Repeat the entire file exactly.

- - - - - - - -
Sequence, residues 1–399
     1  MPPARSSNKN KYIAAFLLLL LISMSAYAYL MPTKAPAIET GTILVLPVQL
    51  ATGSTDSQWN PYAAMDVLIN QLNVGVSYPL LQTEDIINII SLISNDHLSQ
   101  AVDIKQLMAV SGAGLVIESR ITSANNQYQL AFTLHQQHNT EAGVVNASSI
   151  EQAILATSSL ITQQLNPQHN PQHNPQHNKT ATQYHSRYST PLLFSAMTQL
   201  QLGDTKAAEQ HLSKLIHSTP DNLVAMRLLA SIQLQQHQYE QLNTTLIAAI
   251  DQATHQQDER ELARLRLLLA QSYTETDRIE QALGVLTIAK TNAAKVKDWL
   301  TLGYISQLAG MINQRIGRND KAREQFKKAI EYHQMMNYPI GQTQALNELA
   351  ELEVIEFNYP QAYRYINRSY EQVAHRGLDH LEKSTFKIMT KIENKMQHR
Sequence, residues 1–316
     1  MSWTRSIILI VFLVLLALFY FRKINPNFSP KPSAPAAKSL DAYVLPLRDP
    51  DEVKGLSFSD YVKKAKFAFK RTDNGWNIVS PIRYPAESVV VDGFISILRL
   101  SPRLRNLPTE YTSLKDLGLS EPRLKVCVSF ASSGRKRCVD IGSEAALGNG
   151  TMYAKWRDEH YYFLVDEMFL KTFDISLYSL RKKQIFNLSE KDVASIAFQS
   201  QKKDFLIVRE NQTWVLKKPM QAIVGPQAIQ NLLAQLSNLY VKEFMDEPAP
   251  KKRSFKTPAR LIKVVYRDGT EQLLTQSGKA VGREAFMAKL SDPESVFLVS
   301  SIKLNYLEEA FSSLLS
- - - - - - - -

Sequence, residues 1–399
     1  MPPARSSNKN KYIAAFLLLL LISMSAYAYL MPTKAPAIET GTILVLPVQL
    51  ATGSTDSQWN PYAAMDVLIN QLNVGVSYPL LQTEDIINII SLISNDHLSQ
   101  AVDIKQLMAV SGAGLVIESR ITSANNQYQL AFTLHQQHNT EAGVVNASSI
   151  EQAILATSSL ITQQLNPQHN PQHNPQHNKT ATQYHSRYST PLLFSAMTQL
   201  QLGDTKAAEQ HLSKLIHSTP DNLVAMRLLA SIQLQQHQYE QLNTTLIAAI
   251  DQATHQQDER ELARLRLLLA QSYTETDRIE QALGVLTIAK TNAAKVKDWL
   301  TLGYISQLAG MINQRIGRND KAREQFKKAI EYHQMMNYPI GQTQALNELA
   351  ELEVIEFNYP QAYRYINRSY EQVAHRGLDH LEKSTFKIMT KIENKMQHR
Sequence, residues 1–316
     1  MSWTRSIILI VFLVLLALFY FRKINPNFSP KPSAPAAKSL DAYVLPLRDP
    51  DEVKGLSFSD YVKKAKFAFK RTDNGWNIVS PIRYPAESVV VDGFISILRL
   101  SPRLRNLPTE YTSLKDLGLS EPRLKVCVSF ASSGRKRCVD IGSEAALGNG
   151  TMYAKWRDEH YYFLVDEMFL KTFDISLYSL RKKQIFNLSE KDVASIAFQS
   201  QKKDFLIVRE NQTWVLKKPM QAIVGPQAIQ NLLAQLSNLY VKEFMDEPAP
   251  KKRSFKTPAR LIKVVYRDGT EQLLTQSGKA VGREAFMAKL SDPESVFLVS
   301  SIKLNYLEEA FSSLLS